How Do You Know If The Company Is Right For You?

So you’ve done your research and feel like you’ve got a good idea of the company culture - but is it right for you?

Now it’s time to ask yourself a few questions - 

Where do I want to be 5 years from now? Yep, that old chestnut. It might be cliched but if you don’t know where you’re heading, how do you know the organisation can help you get there?

It doesn’t have to be about a clear cut promotion path either.  The scope to move sideways or opportunities to travel for assignments or secondments might be more important to you. 

How do you perform at your best? Think back to a time when you were super motivated, productive and looked forward to work. What type of environment were you in? What were you working on and who were you working with? Would this new workplace be a similar fit?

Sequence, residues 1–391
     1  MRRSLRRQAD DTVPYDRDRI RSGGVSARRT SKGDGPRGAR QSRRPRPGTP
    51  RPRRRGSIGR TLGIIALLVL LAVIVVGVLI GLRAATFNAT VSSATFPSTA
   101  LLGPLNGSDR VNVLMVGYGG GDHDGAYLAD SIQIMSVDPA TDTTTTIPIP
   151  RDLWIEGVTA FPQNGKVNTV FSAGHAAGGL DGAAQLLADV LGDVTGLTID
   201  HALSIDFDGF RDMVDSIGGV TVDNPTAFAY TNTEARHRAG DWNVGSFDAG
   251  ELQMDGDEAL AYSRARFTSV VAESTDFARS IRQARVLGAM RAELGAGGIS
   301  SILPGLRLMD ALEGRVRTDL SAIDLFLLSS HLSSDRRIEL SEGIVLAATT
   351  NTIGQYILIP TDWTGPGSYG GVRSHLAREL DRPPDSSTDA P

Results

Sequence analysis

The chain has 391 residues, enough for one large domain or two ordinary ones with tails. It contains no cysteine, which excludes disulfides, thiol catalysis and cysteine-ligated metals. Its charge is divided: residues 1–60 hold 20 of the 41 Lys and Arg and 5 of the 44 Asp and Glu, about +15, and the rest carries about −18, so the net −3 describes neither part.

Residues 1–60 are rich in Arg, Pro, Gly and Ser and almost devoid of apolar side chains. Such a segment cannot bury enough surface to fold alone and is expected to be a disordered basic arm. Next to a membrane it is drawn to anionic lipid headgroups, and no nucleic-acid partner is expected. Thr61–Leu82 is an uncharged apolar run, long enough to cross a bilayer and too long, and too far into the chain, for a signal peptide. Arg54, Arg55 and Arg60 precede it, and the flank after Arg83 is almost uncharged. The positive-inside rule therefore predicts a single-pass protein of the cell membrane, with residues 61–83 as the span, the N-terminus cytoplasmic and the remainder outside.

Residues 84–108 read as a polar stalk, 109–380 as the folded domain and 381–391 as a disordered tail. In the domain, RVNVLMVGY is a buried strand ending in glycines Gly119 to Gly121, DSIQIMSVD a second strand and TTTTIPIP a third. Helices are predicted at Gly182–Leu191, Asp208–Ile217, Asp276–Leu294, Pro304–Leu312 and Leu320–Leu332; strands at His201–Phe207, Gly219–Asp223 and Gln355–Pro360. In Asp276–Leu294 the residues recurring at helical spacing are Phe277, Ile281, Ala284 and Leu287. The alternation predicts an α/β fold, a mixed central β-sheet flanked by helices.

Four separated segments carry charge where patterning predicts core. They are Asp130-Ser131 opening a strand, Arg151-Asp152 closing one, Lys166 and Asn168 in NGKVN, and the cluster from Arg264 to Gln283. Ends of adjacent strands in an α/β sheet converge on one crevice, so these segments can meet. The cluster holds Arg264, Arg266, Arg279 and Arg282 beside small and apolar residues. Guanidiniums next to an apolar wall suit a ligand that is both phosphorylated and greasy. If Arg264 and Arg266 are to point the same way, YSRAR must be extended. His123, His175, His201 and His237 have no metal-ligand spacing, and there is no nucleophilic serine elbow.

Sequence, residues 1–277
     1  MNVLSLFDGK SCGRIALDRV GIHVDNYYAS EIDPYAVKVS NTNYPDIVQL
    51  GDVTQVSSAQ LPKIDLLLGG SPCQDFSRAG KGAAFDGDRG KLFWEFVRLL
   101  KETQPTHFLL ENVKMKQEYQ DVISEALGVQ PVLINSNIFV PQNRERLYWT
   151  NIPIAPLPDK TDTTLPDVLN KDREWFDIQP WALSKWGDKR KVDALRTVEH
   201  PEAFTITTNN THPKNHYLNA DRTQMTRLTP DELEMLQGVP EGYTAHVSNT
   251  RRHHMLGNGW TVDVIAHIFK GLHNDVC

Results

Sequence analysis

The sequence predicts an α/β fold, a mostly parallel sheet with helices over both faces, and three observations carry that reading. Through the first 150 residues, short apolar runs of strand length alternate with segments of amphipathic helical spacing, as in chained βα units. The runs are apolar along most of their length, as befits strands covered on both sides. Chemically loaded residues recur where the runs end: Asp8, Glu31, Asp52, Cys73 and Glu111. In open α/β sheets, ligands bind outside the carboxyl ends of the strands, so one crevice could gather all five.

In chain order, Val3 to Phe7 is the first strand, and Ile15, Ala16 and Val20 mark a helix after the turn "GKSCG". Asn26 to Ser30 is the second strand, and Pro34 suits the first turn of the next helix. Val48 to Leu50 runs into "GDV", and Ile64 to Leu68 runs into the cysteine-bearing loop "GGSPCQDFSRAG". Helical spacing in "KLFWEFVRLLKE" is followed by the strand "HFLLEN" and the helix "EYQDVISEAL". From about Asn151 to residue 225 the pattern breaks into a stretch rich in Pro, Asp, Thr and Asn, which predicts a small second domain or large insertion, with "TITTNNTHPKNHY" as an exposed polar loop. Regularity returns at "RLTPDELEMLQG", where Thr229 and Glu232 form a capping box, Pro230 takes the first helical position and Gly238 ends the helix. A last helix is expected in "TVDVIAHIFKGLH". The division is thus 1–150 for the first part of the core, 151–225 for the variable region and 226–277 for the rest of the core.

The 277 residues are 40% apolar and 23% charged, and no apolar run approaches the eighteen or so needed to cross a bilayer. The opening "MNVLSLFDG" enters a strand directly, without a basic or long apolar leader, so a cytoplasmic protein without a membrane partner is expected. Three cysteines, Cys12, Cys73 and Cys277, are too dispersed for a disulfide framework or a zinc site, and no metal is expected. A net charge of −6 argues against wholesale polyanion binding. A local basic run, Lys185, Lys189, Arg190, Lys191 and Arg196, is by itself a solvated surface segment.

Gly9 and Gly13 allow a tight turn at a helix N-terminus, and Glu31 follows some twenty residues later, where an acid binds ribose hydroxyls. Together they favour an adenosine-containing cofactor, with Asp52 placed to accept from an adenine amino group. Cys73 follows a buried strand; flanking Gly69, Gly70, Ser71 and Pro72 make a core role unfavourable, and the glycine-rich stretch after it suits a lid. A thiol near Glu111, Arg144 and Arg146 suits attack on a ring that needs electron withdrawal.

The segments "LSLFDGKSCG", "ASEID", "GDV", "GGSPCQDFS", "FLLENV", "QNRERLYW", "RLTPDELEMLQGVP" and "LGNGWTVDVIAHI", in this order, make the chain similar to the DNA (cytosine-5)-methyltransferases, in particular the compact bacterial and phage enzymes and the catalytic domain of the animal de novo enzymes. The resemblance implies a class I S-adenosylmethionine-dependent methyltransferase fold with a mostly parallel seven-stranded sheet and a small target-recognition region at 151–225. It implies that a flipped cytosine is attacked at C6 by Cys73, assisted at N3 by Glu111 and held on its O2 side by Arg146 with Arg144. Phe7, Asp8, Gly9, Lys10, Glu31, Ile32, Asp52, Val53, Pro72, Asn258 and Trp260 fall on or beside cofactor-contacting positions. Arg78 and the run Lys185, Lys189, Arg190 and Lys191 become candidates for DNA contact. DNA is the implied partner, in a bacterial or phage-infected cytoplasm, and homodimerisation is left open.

What is most important to you? Family life, passion projects, health and fitness, socialising? These are all areas that company culture can fit in with and support  - or hinder.

Want to know what a great company culture might look like? Check out this list of the best places to work in Australia.

Elesha

Academy Xi
AD1 College
AIM Business School
All Health Training
Australasian College of Health and Wellness
Australian College of Physical Education
Australian Fitness Academy
Australian HR Institute
Australian Institute of Business
Australian Institute of ICT
Australian Institute of Management Education and Training
Australian Institute of Personal Trainers
Builders Academy Australia
Charles Sturt University
College Australia
College for Adult Learning
Deakin University
Dūcere
Edith Cowan University
Foundation Education
General Assembly
Griffith University
Hammond Institute
James Cook University Online
La Trobe University Online (Delivered by Didasko)
MCI Institute
Melbourne City Institute of Education
Monarch Institute
Monash University
National College Australia
New Horizons Australia Institute of Technology
Redmako Learning
RMIT Online
The Hotel School
The National Finance Institute
TrainSmart Australia
UNE Partnerships
UniSA Online
University of Adelaide
Torrens University
University of New England
Southern Cross University